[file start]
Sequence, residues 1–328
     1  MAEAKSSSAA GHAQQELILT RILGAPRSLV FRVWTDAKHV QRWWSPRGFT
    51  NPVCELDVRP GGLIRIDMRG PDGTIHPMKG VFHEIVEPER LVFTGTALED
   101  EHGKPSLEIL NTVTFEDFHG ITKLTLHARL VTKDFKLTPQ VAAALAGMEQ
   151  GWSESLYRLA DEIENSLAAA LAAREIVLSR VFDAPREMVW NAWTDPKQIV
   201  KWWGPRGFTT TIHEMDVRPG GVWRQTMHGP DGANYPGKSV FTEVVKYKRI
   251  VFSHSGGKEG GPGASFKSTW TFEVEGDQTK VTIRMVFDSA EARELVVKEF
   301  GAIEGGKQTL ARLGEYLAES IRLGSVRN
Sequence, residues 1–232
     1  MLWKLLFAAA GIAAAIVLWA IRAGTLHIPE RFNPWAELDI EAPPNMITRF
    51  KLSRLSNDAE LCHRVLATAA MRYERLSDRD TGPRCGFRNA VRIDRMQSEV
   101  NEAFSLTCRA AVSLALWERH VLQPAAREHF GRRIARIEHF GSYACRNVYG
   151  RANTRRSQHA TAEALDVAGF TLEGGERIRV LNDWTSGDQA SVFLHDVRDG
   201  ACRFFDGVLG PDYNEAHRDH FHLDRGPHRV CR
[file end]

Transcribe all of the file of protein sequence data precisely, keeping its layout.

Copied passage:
Sequence, residues 1–328
     1  MAEAKSSSAA GHAQQELILT RILGAPRSLV FRVWTDAKHV QRWWSPRGFT
    51  NPVCELDVRP GGLIRIDMRG PDGTIHPMKG VFHEIVEPER LVFTGTALED
   101  EHGKPSLEIL NTVTFEDFHG ITKLTLHARL VTKDFKLTPQ VAAALAGMEQ
   151  GWSESLYRLA DEIENSLAAA LAAREIVLSR VFDAPREMVW NAWTDPKQIV
   201  KWWGPRGFTT TIHEMDVRPG GVWRQTMHGP DGANYPGKSV FTEVVKYKRI
   251  VFSHSGGKEG GPGASFKSTW TFEVEGDQTK VTIRMVFDSA EARELVVKEF
   301  GAIEGGKQTL ARLGEYLAES IRLGSVRN
Sequence, residues 1–232
     1  MLWKLLFAAA GIAAAIVLWA IRAGTLHIPE RFNPWAELDI EAPPNMITRF
    51  KLSRLSNDAE LCHRVLATAA MRYERLSDRD TGPRCGFRNA VRIDRMQSEV
   101  NEAFSLTCRA AVSLALWERH VLQPAAREHF GRRIARIEHF GSYACRNVYG
   151  RANTRRSQHA TAEALDVAGF TLEGGERIRV LNDWTSGDQA SVFLHDVRDG
   201  ACRFFDGVLG PDYNEAHRDH FHLDRGPHRV CR